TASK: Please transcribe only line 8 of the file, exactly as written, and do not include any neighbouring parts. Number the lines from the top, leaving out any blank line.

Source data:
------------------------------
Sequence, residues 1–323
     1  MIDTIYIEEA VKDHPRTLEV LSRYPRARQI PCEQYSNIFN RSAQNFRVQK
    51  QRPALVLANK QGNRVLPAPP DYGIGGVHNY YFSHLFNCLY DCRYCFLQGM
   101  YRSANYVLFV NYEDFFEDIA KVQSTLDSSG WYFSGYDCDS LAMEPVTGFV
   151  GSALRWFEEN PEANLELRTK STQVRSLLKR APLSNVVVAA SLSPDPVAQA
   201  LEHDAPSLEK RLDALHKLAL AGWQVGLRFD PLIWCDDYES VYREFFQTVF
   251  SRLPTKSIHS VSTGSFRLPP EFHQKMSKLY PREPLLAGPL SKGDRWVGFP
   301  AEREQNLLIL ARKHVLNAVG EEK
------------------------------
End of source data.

   301  AEREQNLLIL ARKHVLNAVG EEK